World Cancer Day & The Power of Hope

World Cancer Day is celebrated every year on February 4th to raise awareness and support for the fight against cancer. On this day, the global community unites to honor the millions of people affected by cancer and those fighting it every day. This year, cancerGO is proud to join in celebrating World Cancer Day with a mission that brings” HOPE” back into the lives of those living with cancer.

Ensuring equitable access to care and support for all individuals is a fundamental human right. Unfortunately, those facing cancer are especially vulnerable to disparities in health services due to resources or socio-economic status – factors that should not be the deciding factor between life-saving treatments and inadequate healthcare options. It is time we start combating this injustice by elevating our collective voices toward creating an environment of equality where every person can receive high-quality treatment without sacrificing their financial stability or emotional well-being.

At cancerGO, we dedicate ourselves to helping everyone affected by cancer. We have created a safe space for anyone seeking help, support, and empowerment, free of cancer’s stigma while battling this disease. We offer educational resources, peer-to-peer support, diagnosis navigation, and access to service providers who provide emotional support and events that can help make life a little easier for those dealing with cancer.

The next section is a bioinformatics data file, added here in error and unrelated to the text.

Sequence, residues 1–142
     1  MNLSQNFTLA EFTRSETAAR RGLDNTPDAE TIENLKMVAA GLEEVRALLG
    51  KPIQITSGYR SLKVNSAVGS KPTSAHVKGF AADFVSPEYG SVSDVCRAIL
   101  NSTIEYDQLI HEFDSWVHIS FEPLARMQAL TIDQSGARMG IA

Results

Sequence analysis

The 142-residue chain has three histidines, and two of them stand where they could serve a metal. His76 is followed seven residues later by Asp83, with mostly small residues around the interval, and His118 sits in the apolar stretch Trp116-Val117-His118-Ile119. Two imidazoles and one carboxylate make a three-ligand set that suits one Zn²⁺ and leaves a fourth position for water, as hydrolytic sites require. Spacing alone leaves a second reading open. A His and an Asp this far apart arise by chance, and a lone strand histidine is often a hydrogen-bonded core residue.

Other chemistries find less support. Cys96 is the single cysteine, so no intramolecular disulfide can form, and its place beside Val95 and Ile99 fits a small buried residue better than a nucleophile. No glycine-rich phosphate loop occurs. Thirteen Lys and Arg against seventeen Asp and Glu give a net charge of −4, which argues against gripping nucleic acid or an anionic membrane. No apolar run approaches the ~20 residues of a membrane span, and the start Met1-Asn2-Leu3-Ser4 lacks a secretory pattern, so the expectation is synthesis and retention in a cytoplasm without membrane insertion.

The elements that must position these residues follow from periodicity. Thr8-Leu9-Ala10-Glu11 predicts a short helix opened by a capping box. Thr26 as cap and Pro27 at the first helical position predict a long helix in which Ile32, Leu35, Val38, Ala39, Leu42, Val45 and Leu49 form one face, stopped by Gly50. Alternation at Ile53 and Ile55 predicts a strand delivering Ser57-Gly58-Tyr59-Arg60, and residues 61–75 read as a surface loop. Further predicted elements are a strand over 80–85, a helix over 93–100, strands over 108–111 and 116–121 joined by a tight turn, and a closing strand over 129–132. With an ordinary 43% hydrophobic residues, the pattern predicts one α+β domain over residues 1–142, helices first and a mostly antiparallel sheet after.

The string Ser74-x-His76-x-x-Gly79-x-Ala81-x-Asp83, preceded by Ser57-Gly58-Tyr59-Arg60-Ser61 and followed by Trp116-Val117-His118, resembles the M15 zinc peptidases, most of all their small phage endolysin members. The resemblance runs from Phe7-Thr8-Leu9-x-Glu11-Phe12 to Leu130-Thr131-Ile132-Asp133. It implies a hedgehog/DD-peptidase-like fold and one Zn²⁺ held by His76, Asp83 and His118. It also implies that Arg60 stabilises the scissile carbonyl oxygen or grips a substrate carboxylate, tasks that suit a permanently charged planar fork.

CancerGO is more than just an app—it is a community of people committed to making a difference.

On World Cancer Day, we want people to know that they are not alone in their fight against cancer – help is available! cancerGO has impacted lives through our initiatives that focus on supporting those dealing with any form of cancer. We are proud of what we have accomplished in such a short period.

World Cancer Day is an important reminder that no one should ever feel alone when dealing with cancer. By raising awareness on this day, we aim to create a sense of unity among individuals facing similar diagnoses or struggles. This allows us to come together as a global community and celebrate the progress in the fight against cancer—at the same time, looking ahead for further advancements in treatment options and services available for those affected by it.